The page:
A while ago I joined Carmarthen Library. I have been using the Cardigan one for several years and have found that I have read a lot of the non-fiction books that interest me. Carmarthen has a much bigger non-fiction section and, of course, almost all of them are new to me. I also discovered that there is a mobile library van which comes to my nearest village. It is the type of service which is under threat when economies are to be made and I wanted to support it. As it is quite easy for me to combine a walk to the library van with exercising the dogs it works well. The downside is that often I choose books online and request them without having been able to look inside. One of those was a knitting book which seemed to offer a different way of creating texture.
It is an interesting technique. You mark certain stitches by working them in the reverse of normal – so a knit where one would normally do purl and vice versa. A few rows on you pick up the ‘legs’ of the marked stitch and knit them together with a stitch on the current row making a fold. If the marked stitch is not directly below the one it gets attached to the fold is a dagonal and, as in cabling this may be to right or left. It is hard to describe but easy to do apart from having to knit one stitch through 3 loops (the 2 ‘legs’ and the stitch).
Using small amounts of leftover yarn I did some swatches to try out different arrangements of folds. The result is less ‘crisp’ than cabling and the first one I did had very wavy edges which would make it difficult to stitch pieces of a garment together. The next 2 I did with a garter stitch border which helped a bit.
So it was interesting to try but I don’t think I will be using it again. If you read my previous post you will realise that my crafting has been educational but not very rewarding lately!
The scrappy project I have been working on for this month has not worked well so I am not showing it to you. I will be taking it apart and trying again. Plus yesterday I saw another scrappy idea which i want to try.
However other members of the group are posting their successes so please take a look.
For some time now I have felt to be at a point of stasis, of transition. Not that I have been still; life has been full and busy. But of fidgeting on the spot, restless but unsure which direction to take next. I know the feeling well. And I know that there is no point rushing, trying to forge ahead down a new path which will probably prove to be the wrong one and result in an undignified U-turn. So I have waited, not patiently, for the direction to reveal itself.
This Christmas has been unusual. There was the long cold spell when for over a week I was confined by the ice to the house and garden. But the weather was glorious – cold, but sunny and clear, invigorating. Just as it was ending my son, daughter and her new partner came to stay for the weekend. The ice was melting by day, the rain was pouring down, and the nights were chilly enough to make the thaw slow. We stayed indoors and stoked the fire. They left and I dashed around re-stocking with food, and delivering a few local gifts and cards. Today is Day 3 of the Official Holiday as we have an extra day to compensate for Christmas Day being a Sunday. 3 Days of solitude (by choice – I had plenty of invitations to join others for Christmas lunch), walking the dogs and sitting by the fire. 3 Days of eating (especially chocolate), drinking (including more gin than I really should), reading, knitting, listening to podcasts and watching TV on catch-up and, most especially, reflection. And I think the way ahead is beginning to become clearer; plans and ideas beginning to coalesce. More of which in a future post.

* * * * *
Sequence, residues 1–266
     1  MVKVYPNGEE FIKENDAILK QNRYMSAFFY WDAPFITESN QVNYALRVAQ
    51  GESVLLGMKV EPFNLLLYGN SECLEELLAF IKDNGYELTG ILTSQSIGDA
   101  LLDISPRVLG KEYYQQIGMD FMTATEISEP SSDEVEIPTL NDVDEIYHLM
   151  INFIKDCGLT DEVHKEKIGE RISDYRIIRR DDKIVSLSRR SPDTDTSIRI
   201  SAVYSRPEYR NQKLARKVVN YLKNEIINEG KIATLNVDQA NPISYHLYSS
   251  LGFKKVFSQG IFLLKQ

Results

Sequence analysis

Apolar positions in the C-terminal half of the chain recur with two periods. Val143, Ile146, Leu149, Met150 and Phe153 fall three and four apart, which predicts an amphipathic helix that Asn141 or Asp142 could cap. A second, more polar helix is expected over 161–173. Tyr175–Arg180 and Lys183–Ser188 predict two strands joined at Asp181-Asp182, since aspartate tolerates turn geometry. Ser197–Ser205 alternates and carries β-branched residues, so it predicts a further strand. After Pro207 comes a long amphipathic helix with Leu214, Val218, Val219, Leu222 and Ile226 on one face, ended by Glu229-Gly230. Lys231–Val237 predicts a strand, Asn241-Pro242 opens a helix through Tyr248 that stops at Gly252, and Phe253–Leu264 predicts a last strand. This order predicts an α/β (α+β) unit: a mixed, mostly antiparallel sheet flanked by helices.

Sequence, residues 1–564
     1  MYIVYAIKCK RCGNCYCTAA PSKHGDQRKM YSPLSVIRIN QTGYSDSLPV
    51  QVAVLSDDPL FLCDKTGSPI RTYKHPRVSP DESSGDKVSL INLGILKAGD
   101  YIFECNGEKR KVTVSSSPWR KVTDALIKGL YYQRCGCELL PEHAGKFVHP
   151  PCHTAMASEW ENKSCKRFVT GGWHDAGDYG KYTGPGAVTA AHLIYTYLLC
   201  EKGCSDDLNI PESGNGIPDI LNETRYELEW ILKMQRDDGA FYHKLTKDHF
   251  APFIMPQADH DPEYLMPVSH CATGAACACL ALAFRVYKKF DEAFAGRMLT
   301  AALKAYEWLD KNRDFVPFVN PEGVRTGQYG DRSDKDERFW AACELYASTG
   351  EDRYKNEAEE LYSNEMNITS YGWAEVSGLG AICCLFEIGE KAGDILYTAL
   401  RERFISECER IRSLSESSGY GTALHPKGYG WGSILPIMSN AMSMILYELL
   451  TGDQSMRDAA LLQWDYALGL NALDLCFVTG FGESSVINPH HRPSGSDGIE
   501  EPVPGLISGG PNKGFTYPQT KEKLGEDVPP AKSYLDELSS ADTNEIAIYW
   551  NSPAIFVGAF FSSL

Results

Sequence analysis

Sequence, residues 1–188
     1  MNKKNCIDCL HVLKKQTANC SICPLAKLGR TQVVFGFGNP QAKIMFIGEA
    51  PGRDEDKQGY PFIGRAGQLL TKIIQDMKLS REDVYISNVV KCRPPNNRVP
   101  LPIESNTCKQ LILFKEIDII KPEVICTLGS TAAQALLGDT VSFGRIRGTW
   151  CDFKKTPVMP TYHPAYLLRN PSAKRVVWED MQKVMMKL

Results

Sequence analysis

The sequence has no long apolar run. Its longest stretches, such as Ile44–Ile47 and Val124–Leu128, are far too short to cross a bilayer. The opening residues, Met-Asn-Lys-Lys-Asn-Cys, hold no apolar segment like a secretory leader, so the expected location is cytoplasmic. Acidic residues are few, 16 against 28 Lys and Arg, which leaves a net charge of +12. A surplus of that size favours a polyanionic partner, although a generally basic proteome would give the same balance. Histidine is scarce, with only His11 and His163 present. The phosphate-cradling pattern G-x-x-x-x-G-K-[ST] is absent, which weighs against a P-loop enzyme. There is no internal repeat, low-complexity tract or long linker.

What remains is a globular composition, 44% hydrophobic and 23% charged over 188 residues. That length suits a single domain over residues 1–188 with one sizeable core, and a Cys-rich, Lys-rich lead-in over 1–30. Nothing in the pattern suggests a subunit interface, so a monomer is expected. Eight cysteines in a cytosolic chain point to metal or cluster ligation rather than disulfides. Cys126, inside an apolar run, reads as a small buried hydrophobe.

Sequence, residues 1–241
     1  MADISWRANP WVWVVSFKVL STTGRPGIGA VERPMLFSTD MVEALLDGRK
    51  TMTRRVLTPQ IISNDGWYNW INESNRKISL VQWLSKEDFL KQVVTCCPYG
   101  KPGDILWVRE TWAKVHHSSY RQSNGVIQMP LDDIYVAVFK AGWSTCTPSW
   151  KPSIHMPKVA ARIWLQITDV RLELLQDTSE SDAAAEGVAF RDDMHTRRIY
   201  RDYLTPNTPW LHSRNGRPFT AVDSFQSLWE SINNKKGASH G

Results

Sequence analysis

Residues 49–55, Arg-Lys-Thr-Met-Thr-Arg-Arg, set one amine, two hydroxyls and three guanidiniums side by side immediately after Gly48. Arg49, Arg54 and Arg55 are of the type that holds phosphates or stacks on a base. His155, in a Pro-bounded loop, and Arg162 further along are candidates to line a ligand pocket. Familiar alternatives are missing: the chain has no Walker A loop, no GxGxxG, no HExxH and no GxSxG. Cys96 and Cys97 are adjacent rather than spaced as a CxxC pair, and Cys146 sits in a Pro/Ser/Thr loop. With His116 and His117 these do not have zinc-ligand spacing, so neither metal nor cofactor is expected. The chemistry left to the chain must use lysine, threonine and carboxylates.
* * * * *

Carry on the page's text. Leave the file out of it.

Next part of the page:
Two books have been really helpful in this process.
In order of reading the first is ‘Hagitude’ by Sharon Blackie. It’s sub-title is ‘Re-imagining the second half of life’. Her thesis is that, culturally, we post-menopausal women are supposed to grow old gracefully, fading gradually into decrepitude and death, when what we should be doing is growing into elderhood and power and she shares myths and legends suggesting how that might manifest itself. Sharon uses different imagery but it brought to mind memories from way back.
Many, many years ago, when my children were toddling, I was warden of some sheltered flats for the elderly. I found an image came into my head of my residents as trees which had shed their leaves, revealing their underlying structure and shape. Some were graceful and elegant, some had been bent by the wind so that they were hunched and stunted, some had a tall and disciplined shape, others had much looser arrangements of branches. I reckon I have lost most of my leaves now. The leaves being the social constructs of acceptable behaviour to which we conform. They soften our edges, obscure our less nice bits, make us nicer to know, if less knowable. I am much less likely now to say ‘Yes’ when I really want to say ‘No’ though I hope I still (mostly) do it nicely and politely. I have always been a disappointment to the purveyors of beauty products. My wrinkles are free to sag at will, my hair is tabby – white bits, grey bits, brown bits – and I see no reason to dye it, my one concession to ‘looking nice’ being, since I had my long hair cut short for practicality, a good hair cut regularly. Now, it seems, life is encouraging me to prune away a few branches and allow some new one to grow. Another transition, metamorphosis. What will be revealed?